But oh, unknown daughter-in-law, I have got you already, and got you forever!  I’m going to lose my son to you, but you will get me in return.  You’ll be feeling the impact of all these lessons forever (long after the son has internalized them) and you’ll be the one asking “Is this an okay outfit to meet your parents in” to my charming and suave young offspring.

You’ll be hearing me say “Well, that’s not the way I would have done it” and dissecting that for days on end.  I hope that we can teach each other different methods for cooking and cleaning and researching and working and worshipping and have the grace to disagree amicably.

Daughter-in-law – we are going to have a good time together.  Forever.

Our Worst Parenting Mistake Yet

I just found out about the swaggering “humblebrag” on Monday, but NPR says it was nearly 2011’s word-of-the-year. For those of you who are also off the bandwagon of pop-culture (like myself), a humblebrag is an attempt to flaunt some achievement of yours in self-deprecating terms.

For example, a riff of this goes like –  “Oh no! I’m so embarrassed that Time  Magazine misspelled my name in their cover story about my solution to the Palestinian-Israeli debate.”  For plenty more true examples (and I hate to point this out, but also misinterpretations of the definition) you can head to Twitter.

Which leads me in to my post for the day.

Our 1-year-child can’t drink from the bottle himself yet, because we’re always cuddling him as he drinks.  This is definitely our worst parenting mistake so far.

An informal survey of one other friend  laid my fears to rest –  this is something other new parents do too. Truth be told, of course – if this is our worst mistake yet – we’re probably doing a really good job.  (That’s the brag part.)

Why isn’t this thing working?

PS. In case you think I’m serious about any of this – the worry or the “this is a mistake” mentality – I’m not.  But he really can’t drink from a bottle yet.  Time to teach an important lesson in motor skills mommy.

Parenting Didn’t Change Me

I bet you’ve been in a conversation before, you know the type, with an older adult who is attempting to give you the wisdom of their years.  You nod agreeably as they pontificate, murmur a little assent here and there. Suddenly a little rock is launched into the conversational windshield.  You get a phrase like one of these:

“This is the most important decision of your life” (to the newly engaged). “Your college degree will be the best thing you ever buy” (to the graduating senior).   “Parenting will really change you” (to the sleep deprived new parent).

It’s kind of like they just stuck out their tongue and said “NaNaNa – I know better than you do what your life is like!”

You pretend to agree.

Maybe you don’t even think about that phrase again.  But I do.  Man, I think about these types of phrases for the next couple days, weeks, sometimes months.  I guess you could say they’re my pet peeve.

Why do these types of phrases bother me so much?  Well, like all pet peeves, it’s sort of irrational how much it bothers me.  Because I know the person telling the story just wants to give both their own opinion and experience even if it’s a little dramatic.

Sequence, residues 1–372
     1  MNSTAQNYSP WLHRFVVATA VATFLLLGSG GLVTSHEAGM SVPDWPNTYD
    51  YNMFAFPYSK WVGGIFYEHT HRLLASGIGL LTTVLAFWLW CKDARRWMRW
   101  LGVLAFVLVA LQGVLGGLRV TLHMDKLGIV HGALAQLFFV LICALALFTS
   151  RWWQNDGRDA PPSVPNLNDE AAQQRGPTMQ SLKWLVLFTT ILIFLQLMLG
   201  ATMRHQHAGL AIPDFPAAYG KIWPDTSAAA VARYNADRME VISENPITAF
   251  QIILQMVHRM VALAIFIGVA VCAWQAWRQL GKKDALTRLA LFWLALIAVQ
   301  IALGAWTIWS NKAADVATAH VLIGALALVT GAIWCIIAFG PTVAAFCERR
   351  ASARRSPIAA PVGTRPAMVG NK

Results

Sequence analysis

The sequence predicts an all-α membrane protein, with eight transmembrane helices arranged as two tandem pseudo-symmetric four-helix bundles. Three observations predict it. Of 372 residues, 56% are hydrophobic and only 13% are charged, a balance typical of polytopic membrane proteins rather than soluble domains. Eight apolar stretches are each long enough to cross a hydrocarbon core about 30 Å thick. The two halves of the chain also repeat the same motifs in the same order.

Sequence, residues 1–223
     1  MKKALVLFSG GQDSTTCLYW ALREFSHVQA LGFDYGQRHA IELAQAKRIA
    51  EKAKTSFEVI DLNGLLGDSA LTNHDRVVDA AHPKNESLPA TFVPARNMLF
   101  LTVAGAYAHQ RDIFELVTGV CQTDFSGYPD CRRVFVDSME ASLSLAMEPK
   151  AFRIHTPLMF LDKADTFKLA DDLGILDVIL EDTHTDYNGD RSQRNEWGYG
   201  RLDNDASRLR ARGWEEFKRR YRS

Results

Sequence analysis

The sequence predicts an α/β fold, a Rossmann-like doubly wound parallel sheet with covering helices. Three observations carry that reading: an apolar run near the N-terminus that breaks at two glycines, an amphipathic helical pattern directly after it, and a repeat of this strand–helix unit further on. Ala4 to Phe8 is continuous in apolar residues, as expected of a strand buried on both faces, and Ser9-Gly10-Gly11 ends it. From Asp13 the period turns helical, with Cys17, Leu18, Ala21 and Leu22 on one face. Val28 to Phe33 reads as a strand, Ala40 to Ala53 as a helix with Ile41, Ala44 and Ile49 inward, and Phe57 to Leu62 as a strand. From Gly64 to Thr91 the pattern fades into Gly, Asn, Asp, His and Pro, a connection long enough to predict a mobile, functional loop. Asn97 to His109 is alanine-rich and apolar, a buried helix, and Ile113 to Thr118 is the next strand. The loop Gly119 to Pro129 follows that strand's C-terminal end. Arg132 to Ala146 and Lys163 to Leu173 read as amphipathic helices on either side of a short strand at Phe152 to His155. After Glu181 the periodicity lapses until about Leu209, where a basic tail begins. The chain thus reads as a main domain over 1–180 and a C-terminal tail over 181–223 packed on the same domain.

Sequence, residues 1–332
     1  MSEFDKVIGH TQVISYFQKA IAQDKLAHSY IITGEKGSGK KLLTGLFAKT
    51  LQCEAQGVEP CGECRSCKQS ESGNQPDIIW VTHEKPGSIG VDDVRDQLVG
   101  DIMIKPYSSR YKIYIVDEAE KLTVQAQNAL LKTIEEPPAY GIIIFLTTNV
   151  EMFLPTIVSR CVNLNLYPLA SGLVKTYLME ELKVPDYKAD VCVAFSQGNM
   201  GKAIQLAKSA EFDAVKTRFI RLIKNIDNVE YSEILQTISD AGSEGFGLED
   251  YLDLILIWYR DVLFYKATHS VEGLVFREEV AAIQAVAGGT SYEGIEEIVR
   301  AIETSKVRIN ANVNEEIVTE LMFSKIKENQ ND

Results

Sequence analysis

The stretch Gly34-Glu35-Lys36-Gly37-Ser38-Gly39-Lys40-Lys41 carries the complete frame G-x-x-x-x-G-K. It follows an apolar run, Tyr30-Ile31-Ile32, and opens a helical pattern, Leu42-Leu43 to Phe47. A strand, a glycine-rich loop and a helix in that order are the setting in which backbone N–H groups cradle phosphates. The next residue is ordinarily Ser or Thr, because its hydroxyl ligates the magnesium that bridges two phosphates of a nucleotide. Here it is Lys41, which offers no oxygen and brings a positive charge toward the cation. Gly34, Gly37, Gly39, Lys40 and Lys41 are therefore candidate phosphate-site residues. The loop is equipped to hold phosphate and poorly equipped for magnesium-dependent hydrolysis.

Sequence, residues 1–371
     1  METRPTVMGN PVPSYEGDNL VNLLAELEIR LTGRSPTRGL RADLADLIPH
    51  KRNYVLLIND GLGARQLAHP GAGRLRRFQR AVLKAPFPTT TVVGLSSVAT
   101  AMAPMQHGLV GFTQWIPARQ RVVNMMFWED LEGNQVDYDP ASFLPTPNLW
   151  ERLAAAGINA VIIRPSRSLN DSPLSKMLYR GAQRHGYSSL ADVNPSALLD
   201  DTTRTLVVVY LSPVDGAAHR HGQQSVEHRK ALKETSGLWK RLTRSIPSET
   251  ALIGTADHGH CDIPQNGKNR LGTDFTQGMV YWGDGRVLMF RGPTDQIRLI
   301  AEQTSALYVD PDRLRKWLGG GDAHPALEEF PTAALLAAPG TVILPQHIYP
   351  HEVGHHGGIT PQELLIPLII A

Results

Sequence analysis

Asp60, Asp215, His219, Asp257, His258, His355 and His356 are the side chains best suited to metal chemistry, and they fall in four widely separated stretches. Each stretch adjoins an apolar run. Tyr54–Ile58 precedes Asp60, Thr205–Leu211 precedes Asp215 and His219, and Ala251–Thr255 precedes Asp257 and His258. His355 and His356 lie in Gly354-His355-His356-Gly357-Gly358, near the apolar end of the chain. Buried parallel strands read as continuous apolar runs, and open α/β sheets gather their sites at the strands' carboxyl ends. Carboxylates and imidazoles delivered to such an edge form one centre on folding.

Most of all, I hate that the person telling me this type of thing knows something I don’t know.  Are they right?  Is getting married the most important decision I will ever make again?  Was my college degree the best thing I’ll ever buy?  And that last one – am I really changed by being a parent?

As to this last one, I’ve been thinking about it a lot as I walk on the cobblestones to and from the Salem Public Library.  One mile there and one mile back, every single week since last July.

So far I’ve decided I’m not really changed.  Thank God.  It really would have been tragic if I began to like heavy metal, lost my sense of humor, and watched TV five hours a day.  Mostly, I’ve realized parenting has changed a lot the process of my life, and less of the content.  The biggest single change I’ve had to make is to pursue deeper.  I used to pride myself on being what I called a “generalist.”  I had an idea that I was good at a lot of things and I could spend energy on taking part in fifteen (or whatever) activities every week.   No longer.  I’ve simply got less intellectual focus hours in the day and I’ve got less friendship hours.  I have to remind myself these things are not “good” or “bad” they simply are.

Having a family didn’t change who I was, it simply meant I had to look at my priorities.  I had to decide that some priorities were good, but they weren’t the most important.  That’s what changed my process, or the way I live life. Not everyone has to have a baby to realize they want to spend more time doing the things they love instead of things they just like, but I did. While those things I haven’t spent much time on in the past year I would like to be doing more of (movies, restaurants, soccer, café time with friends), I wouldn’t want those at the expense of some of the other valuable things I’ve gotten (like good family memories, and deep time spend in study). And who knows, there will probably be time to balance the things I love and like again in a new way later in life.

But, even having pondered the depths of that trite little phrase “Parenting will change you” and found a small nugget of truth – Don’t say it to me.  I still hate it.